With the Sierra Leone governmentís implementation of free health care services for pregnant women, I hope that women will be able to feel comfortable using the medical services available. Also, I hope that the health care services include transportation to the health care facility, provision of delivery services, and cesarean services conducted by able physicians. We have to find ways in which a womanís hopeless financial resource does not determine that womanís pregnancy outcome. I am looking forward to more happy endings. Right now, a healthy, precocious 2 and half year-old, who bears my name Fredanna is in Kenema and I am so happy that I was part of her story of survival.

RM: How will this research help bridge the gap between Sierra Leone, United States and other countries as far as health care is concerned?

FM: Right now, this is a relatively small project. With just enough funding provided by Coastal Carolina University and Seton Hall University for data collection equipment, supplies, travel and stipends for interviewers. We hope that when people hear and see our efforts, they will be willing to invest their time, services, expertise, money, and equipment toward this worthy cause.

We plan to share the results of the research to the global community to be used as baseline and a foundation to develop appropriate and effective programs. Sierra Leoneís commitment to provide free health care services for pregnant women and children could be the beacon for other countries to address what is usually a needless tragedy.

RM: Are there future plans to expand your study beyond the borders of Sierra Leone?

FM: Right now we are just taking the project one day at a time. With the Bele Uman name, it is geared towards Sierra Leone. However, as the project progresses, who knows where we will end? Only time will tell what God has in store for this project.

RM: What is your long term vision for the project: Do you have any other message to convey to the world?

FM: HmmmÖlong term, we see this project being part of a larger cause that addresses girls and womenís issues more broadly, and which also impact maternal health outcomes. These include working on teen pregnancy prevention, sexual rights empowerment and crisis pregnancy counseling, all of which are related to improved pregnancy outcomes.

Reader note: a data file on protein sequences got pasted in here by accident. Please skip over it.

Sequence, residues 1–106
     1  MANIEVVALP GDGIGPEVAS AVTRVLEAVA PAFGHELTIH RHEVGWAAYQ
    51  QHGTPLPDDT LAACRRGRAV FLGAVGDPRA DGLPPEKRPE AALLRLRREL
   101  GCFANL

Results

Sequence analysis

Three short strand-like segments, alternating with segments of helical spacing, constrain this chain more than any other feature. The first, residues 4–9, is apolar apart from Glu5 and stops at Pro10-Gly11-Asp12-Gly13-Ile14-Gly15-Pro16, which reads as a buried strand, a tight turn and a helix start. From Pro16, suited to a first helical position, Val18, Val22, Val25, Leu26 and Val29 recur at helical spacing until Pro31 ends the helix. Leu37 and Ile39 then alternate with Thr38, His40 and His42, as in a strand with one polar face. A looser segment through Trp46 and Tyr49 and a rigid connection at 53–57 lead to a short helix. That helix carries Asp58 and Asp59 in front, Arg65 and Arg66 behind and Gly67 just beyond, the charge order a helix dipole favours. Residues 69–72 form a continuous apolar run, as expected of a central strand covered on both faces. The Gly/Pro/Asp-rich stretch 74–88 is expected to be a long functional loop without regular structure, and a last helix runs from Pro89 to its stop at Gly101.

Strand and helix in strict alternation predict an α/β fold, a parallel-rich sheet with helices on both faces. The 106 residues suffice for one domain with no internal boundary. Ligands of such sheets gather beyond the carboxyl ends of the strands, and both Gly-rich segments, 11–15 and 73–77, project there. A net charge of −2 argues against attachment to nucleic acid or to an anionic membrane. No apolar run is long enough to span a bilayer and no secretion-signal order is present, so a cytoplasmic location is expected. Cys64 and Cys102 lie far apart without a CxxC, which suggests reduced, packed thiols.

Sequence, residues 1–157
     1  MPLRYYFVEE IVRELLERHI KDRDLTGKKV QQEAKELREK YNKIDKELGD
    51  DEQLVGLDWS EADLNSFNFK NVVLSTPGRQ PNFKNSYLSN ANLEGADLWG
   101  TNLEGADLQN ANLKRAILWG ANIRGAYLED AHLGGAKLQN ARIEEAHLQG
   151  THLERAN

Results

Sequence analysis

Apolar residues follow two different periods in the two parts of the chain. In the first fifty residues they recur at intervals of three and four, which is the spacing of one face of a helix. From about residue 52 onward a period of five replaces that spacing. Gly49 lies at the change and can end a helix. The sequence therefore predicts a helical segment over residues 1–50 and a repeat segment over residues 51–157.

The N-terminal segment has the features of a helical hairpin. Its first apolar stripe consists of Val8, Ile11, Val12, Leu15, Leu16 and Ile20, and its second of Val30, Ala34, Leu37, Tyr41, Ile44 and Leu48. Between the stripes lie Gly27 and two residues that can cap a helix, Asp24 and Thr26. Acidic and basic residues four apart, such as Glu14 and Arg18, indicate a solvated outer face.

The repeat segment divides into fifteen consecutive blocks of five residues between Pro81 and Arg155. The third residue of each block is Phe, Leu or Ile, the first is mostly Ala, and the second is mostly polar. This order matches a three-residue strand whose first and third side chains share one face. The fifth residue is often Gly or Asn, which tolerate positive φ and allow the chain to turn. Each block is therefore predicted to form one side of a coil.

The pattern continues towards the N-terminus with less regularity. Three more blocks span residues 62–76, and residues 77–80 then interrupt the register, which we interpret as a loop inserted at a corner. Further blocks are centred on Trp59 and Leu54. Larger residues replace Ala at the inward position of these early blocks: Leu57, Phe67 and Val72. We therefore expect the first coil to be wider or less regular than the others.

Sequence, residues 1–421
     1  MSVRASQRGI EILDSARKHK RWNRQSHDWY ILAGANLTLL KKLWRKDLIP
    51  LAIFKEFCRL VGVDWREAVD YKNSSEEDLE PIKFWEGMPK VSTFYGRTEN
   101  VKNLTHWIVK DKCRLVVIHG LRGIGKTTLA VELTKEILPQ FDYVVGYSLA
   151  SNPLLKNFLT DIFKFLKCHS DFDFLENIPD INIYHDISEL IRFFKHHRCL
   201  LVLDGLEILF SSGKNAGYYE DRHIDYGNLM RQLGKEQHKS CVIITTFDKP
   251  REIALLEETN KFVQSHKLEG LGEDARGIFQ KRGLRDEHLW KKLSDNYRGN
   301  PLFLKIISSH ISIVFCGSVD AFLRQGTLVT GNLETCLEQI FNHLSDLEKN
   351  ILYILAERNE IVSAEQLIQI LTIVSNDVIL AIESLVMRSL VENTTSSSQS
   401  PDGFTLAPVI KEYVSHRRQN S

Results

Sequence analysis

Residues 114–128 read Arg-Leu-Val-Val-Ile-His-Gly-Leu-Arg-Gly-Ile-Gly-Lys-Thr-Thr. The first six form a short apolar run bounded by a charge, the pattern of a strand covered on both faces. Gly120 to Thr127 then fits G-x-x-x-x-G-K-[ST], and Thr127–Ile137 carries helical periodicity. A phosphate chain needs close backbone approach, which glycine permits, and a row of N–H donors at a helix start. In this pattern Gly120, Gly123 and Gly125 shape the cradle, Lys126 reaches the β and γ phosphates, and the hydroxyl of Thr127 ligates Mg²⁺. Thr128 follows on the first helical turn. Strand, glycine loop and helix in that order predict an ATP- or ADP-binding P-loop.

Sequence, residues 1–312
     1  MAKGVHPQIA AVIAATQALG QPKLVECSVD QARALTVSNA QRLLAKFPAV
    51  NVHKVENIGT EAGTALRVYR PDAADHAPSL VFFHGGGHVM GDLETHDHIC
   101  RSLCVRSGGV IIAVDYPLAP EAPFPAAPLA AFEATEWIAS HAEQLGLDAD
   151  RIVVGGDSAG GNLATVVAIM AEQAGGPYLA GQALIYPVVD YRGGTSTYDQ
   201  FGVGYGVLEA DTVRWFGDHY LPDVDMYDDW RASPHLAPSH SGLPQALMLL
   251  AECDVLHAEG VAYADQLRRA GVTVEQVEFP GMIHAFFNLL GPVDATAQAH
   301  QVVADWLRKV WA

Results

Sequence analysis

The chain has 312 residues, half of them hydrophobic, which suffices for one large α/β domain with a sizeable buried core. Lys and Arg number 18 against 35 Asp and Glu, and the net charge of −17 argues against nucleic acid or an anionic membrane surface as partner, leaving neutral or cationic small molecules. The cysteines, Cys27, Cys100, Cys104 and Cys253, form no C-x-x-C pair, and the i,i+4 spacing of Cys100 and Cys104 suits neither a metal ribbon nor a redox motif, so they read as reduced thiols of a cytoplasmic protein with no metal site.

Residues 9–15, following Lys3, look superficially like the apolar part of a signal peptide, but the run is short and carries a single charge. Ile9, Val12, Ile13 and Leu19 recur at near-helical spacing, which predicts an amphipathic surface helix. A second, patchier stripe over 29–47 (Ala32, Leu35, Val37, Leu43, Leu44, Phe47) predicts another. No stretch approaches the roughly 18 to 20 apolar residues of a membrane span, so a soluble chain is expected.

My message: God has given each of us a destiny that can be fulfilled. If you can think it, with Godís grace, you can do it, so make it happen!

Roland Bankole Marke © 2010

Roland B. Marke is a Sierra Leonean writer, commentator and activist for the poor and vulnerable. Heís also the author of Teardrops Keep Falling, Silver Rain and Blizzard and Harvest of Hate: Stories and Essays (Fuel for the Soul). Visit his website on: www.rolandmarke.com


© Copyright by Awareness Times Newspaper in Freetown, Sierra Leone.

Top of Page

Latest Headlines
NEWS
In Sierra Leone, Poisonous ĎSugarí Kills in Kambia District
In Sierra Leone, Two Kenema Youths Drown at Lumley Beach
In Sierra Leone, Boost for Waterloo Bread Sellers
EDITORIALS
Encourage Moseray Fadika and Frank Timis the Romanian
National Judiciary Deserves to be Heard
We Do Not ďNegotiateĒ for Space with Anyone!
SPECIAL REPORTS
Afsatu Lectures Students against Violence
Afsatu Kabba Launches Women Organization
Sierra Leone's Opposition Resident Village Idiot flies out to U.K. and Ghana today
COMMENTS & OPINIONS
Paul Kamara: Fitness vs. Eligibility
Maada Bio: SLPPís Foolish Aspirant!
Journalist Paul Kamara & Justice Tolla-Thompson: Our National Constitution Must be Obeyed!
FEATURES
WIMSAL at 3ÖÖWhat hope lies ahead for Women in the Media?
Reproduced by Popular Demand: No Junior Secondary School Built at Tondola Junction
Sierra Leone's NPRCís Tom Nyuma, Sierra Rutile, Vimetco, John Sisay & the Inquest for late Bambay Kamara
ENTERTAINMENT
Sierra Leone's Video-Journalist Abdulai Jalloh marries his Sweetheart, Cecilia
ĎNor Look En Faceí Takes Over the Airwaves in Sierra Leone
PROFILES
A TRIBUTE TO THE LATE MRS. HANNAH BABY NELLIE GADD - A Role Model
Haja Afsatu Olayinka Kabba: A Muslim Woman of Excellence!
THE ECONOMY
Sierra Leone Government in Serious Embarrassment as Businesses Shut Down over New Tax
NOTICES & DOCUMENTS
In Memory Of Hon Dr. Salia Jusu-Sheriff ďMaadaĒ
Cape Lambert Marampa lron Ore (SL) Limited Wishes HIS Excellency Dr. Ernest Bai Koroma, Vice-President Chief Alhaji Sam Sumana
The Latest Leaked US Embassy Cable from Wikileaks Website concerning Sierra Leone
PAID SUPPLEMENTS
Marampa Can Achieve Late 2012 Start-Up With Maiden 200mt Jorc Resource Representing Only 20% Of The Mineralised Strike
Koidu Holdings Explains Blasting Incident at Koidu Kimberlite Project Mine Site
Presenting Professor Dr. Ritchard Tamba MíBayo
ADVERTISEMENTS
NASSIT and HFC offers 28 Newly Built Houses for immediate Sale in Sierra Leone
African Minerals (SL) Ltd Job Vacancy
JOLLIBOY! - Solomon Pratt's Book is now available for Purchase Online
SATIRE
XXXXXXXXXXXX THE CIA SPY
Letter To Tech: The Political ĎDomboloí in Kono
President Koroma Fires One: Maybe the Cabinet Reshuffle Has Commenced?
FROM OUR TEAM
Schulenburg Should Behave Himself
No Edition out for today from Freetown, Sierra Leone
Sierra Leone's Awareness Times Publisher Never Collected a Single Penny for P.R. let alone Ten Million Leones monthly!

Copyright © 2005 - 2010, Awareness Times Sierra Leone; All Rights Reserved.
Hosted & Designed by West Africa Dot Net